The Johari Window is a great model for understanding about feedback
Giving and receiving feedback is how we can understand how others see us, and let people know how we see them. For many years I’ve used the Johari Window with individuals and groups as a simple way to describe how we can both gather feedback and disclose more about ourselves, and the benefits for doing this.
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The following diagram outlines the Johari window. It was originally developed by two psychologists – Joseph Lunt and Harry Ingham.
We can use this to share information such as feeling, experiences, opinions, motivations and much more on both an individual and a group basis. In a group situation the SELF area related to your group and OTHERS relates to a different group.
You will see that there are four panes to the window. The left hand side is things that we know about our self, and the right hand side is things that we do not know about our self. Whilst I have shown it as 4 equal size boxes, these borders are not fixed and the borders will move depending on the level of trust and the exchange of feedback.
Quadrant 1 – Transparent (public) area
The transparent area contains things that we know about our self and what others will know, it is the public arena, and will increase in size as we develop more trust in the people we are with.
We can expand this quadrant by sharing more of the information we may have kept hidden (in Quadrant 2) and getting feedback from others thus reducing our blind area (Quadrant 3).
In a group we can get (sensitive) feedback from our managers and co-workers and we can be open to the feedback offered. We can also share more personal information about prior experience at work and also have we prefer to work and to be managed. For example as someone who demonstrates more introvert qualities you may find it less easy to get involved in a discussion when you haven’t had a chance to prefer. Letting others know this could mean that you get the agenda and pre-reading in advance.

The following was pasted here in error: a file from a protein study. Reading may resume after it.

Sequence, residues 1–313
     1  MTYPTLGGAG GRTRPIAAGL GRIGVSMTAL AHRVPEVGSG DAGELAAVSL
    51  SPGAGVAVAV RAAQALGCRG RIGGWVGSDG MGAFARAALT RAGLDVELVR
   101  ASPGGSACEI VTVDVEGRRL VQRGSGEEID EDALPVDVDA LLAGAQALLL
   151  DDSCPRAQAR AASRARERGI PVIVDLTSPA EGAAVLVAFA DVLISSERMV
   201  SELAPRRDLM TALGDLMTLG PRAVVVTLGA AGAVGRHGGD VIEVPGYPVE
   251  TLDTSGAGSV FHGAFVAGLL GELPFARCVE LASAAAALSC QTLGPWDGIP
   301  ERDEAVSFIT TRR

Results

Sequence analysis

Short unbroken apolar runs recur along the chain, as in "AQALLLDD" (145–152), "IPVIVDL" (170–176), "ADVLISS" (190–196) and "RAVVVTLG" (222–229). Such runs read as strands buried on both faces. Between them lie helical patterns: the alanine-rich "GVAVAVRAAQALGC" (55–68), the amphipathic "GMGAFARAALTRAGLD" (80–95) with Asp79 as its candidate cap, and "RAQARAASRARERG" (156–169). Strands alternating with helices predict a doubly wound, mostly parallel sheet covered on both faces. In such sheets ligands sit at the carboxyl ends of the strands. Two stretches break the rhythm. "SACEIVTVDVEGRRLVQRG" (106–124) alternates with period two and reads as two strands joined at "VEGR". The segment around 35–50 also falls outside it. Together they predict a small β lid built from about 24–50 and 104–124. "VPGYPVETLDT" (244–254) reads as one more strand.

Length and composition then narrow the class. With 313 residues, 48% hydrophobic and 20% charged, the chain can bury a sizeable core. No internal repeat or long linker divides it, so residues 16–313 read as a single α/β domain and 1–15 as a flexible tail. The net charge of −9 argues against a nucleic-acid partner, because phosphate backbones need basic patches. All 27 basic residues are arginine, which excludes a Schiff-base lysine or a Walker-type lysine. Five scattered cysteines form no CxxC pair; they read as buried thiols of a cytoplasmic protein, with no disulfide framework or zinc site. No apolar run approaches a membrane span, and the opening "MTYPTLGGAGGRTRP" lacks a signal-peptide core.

Quadrant 2 – Hidden area
The hidden area contains information about ourselves that we choose not to share with people, it could be that we hold back as we are not sure what the reaction will be – might we be rejected or hurt in some way? Or we could choose to keep information to ourselves, as we want to control or manipulate others.
At work a lot of this type of information relates to our work and can include keeping details to ourselves, to give us power or not wanting to admit that we are unclear on a task so struggle on, and maybe get it wrong.
We always need to be mindful of the personal information we share, and some people will find it easier than others. Telling others about the breakup of a relationship or the death of a close friend will probably lead to greater understanding from others. Sharing that you have suffered from depression or areas where you lack confidence could help others see you as human, especially of you have been creating an image of you as ‘Wonder Woman’ / ‘Superman’.
You have to decide for yourself if self disclosure is a good thing for you, or not.
The right hand side of the window contains the information that we don’t know about our self.
Quadrant 3 – Blind area
The blind area contains information that we don’t know about our self but which the other people know. As we communicate and participate with others they pick up on information such as the way we speak and behave, our levels of sensitivity etc. Feedback will help us to understand more of this and so reduce the area, bringing more into the transparent area. It can help to work in an area where the sensitive provision of feedback is encouraged. Not all o us cope well with feedback so before providing feedback we need to understand if the person can cope with a bucket full or really an egg cup amount is enough.
In the workplace the manager of a group can choose not to share information of the business direction or possible loss of a customer, sometimes thinking this is for the good of the group but sharing this could lead to a useful discussion and plan for how to keep the customer or to enable the team to be ready should company fortunes change quickly.
Quadrant 4 – Unknown (potential discovery) area
The final pane contains information that neither us, nor the group knows about us, this can include early childhood memories, latent potential etc. It is the area that Freud called the Unconscious.
There may be some feelings and behaviours and abilities that would be helpful to know but there could also be deeper aspects of our personality that is well hidden. For some people, counselling or therapy would uncover this and help move information from this unknown are to the hidden area, so uncovered but not shared with a group.
Young people generally have a much larger unknown area as they lack self knowledge and no one else may be aware of it too.
Working with a career psychologist can help you to develop your potential discovery area and you can use this information to help you in both work and in your personal life, get in touch to discuss how I can help you. Brought to you by Denise Taylor, award winning career coach with Amazing People – www.amazingpeople.co.uk